Partnerships can leverage your strengths, grow your income and deliver the best parts of the real estate business to you. Be wise, and chart your steps carefully to craft a lasting and fruitful team.

This July, Inman’s editorial theme is Teams — what it takes to build and join one, how to optimize your team for summer 2020, and even when to consider leaving one. And if you’re not already a subscriber to our Teams Beat email newsletter, sent every Thursday, sign up now.

What do you do when 17 sellers, in the same week, all postpone putting their homes on the market? Jenn Cole, co-owner of Be Home Realty in Garner, North Carolina, faced that exact scenario as COVID-19 hit her market earlier this year.

What did she do? She talked it out with her two partners. The three Js — Cole, Jill Booth and Jane Ball — opened their boutique firm as partners five years ago, building a distinctive culture (note the professionally maintained beehive in their office) and strong sales results. They operate with 11 agents, and the brokerage handles around 200 transactions annually.

Jenn Cole

Partnerships exist for more than managing in times of crisis. An ownership group can ease the load from a single person to multiple parties. An expansive group with a managing partner, dual owners with equal equity, or uneven influence between disproportionate ownership shares are all ways to succeed in running a successful brokerage.

Cole says her ownership group “functions like a three-legged stool” with each partner providing strength and balance from her areas of skill and interest. No part of the brokerage depends solely on one of them. The odd number, with equal votes, means they work toward stronger decisions through consensus. She reports that another harmonizer is that three owners share similar family stages and demands in their personal lives.

Not all partnerships are meant to last. After initial success in a two-person partnership, Sherine Moghazi, an agent with Revolve Realty Group at Keller Williams Preferred in Raleigh decided to return to operating as a solo agent. Although initially aligned, she and her business partner found their goals diverging after a few years.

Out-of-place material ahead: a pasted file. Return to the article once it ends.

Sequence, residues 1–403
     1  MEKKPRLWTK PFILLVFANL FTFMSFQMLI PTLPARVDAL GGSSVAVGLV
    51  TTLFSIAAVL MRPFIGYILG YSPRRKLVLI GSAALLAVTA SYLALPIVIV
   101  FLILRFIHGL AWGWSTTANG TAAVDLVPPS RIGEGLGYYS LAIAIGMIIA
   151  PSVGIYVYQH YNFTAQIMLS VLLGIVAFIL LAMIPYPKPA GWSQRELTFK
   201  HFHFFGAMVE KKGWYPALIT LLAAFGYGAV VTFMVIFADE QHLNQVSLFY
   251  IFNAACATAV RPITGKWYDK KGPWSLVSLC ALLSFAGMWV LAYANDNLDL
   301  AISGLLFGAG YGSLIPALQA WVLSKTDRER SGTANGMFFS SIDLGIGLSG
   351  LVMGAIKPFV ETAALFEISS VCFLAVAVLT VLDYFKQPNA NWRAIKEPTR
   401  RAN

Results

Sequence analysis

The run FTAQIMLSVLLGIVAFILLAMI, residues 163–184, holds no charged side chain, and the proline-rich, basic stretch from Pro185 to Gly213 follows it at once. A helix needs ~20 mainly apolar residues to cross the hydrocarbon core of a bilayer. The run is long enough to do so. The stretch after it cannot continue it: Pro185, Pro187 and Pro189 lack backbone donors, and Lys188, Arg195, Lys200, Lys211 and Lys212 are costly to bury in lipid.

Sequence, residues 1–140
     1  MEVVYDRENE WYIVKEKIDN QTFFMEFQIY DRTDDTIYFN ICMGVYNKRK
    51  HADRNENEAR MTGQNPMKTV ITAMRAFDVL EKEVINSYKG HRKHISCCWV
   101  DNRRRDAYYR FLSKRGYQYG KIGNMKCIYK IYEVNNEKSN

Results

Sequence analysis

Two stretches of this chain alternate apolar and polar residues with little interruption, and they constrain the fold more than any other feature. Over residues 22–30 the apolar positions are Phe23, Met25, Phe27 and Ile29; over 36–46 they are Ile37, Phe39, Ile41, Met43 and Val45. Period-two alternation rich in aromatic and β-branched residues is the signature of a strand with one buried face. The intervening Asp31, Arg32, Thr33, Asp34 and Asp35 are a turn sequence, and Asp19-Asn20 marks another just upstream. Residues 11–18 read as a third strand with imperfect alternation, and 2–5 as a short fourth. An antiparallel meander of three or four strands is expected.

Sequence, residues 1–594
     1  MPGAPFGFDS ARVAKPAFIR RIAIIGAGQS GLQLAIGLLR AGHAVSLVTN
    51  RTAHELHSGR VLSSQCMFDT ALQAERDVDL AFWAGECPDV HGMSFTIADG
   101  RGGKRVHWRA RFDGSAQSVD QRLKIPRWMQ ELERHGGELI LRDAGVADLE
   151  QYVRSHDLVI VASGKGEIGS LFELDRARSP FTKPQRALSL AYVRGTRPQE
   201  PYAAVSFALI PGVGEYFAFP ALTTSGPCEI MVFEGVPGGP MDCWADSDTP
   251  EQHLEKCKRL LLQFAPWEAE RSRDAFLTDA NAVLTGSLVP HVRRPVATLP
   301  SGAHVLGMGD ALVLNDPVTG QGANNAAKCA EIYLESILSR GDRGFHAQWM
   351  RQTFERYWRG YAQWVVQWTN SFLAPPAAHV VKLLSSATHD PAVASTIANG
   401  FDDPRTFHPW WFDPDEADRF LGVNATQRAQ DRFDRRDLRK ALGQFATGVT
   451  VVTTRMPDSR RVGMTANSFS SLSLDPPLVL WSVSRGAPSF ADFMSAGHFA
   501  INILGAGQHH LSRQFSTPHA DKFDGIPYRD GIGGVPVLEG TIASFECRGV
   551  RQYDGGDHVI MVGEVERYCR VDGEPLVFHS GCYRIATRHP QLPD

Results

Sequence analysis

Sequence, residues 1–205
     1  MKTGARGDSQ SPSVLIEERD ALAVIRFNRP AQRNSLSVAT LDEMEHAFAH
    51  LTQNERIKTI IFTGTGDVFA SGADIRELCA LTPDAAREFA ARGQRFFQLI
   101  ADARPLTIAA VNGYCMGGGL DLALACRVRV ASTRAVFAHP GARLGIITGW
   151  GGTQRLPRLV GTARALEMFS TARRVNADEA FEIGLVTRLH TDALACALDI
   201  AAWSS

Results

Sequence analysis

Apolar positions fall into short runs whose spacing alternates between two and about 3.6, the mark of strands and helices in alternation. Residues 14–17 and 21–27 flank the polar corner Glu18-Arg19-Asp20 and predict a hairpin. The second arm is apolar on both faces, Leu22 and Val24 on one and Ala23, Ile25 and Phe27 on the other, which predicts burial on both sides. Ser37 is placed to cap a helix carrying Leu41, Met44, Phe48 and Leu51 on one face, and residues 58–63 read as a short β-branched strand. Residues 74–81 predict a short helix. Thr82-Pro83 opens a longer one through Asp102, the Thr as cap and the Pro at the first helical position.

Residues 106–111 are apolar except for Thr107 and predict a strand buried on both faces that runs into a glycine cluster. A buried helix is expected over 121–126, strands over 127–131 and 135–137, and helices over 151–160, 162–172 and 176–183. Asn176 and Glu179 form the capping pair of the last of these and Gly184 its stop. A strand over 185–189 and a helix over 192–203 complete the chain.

Sherine Moghazi

She was glad that they had a formal agreement, drafted by an attorney, that provided a road map for breaking up successfully and amicably. Moghazi shares that leading a team is complex. She finds value in having one person define the direction of the team. It’s helpful to have a designated leader with a long-term perspective to make major decisions for the group.

Sometimes partnerships grow into a large success. Dan McCarthy worked in various real estate sales ever since graduating from college. As a successful sales person, he knew all about the day-to-day activities that generate contracts and closings.

A third party introduced him to Geoff Burt, who was ready to exit corporate life and enter real estate. Burt brought experience and capital to expand opportunities, and create organization and systems. After operating independently for some time, the two affiliated with a franchise to accelerate scale.

Today their company, BHGRE Lifestyles, services the greater Jacksonville, Florida, market with four offices and 80 agents. The firm is approaching $300 million in annual sales volume with a plan to grow further.

Dan McCarthy

Burt and McCarthy don’t consider themselves to be visionaries. Their steady approach to work and partnership allows them to be “reactionaries” who grow incrementally and leverage opportunities that their market delivers.

McCarthy’s advice on entering a partnership is to take time to assess the personality and fit of your partner. He points out that successful salespeople often have big egos and that quality can be harmful to a working partnership.

So what makes for a successful partnership? Whether you’re thinking of starting a team, consolidating brokerages or partnering up, here are a few areas to consider as you chart your own business relationships: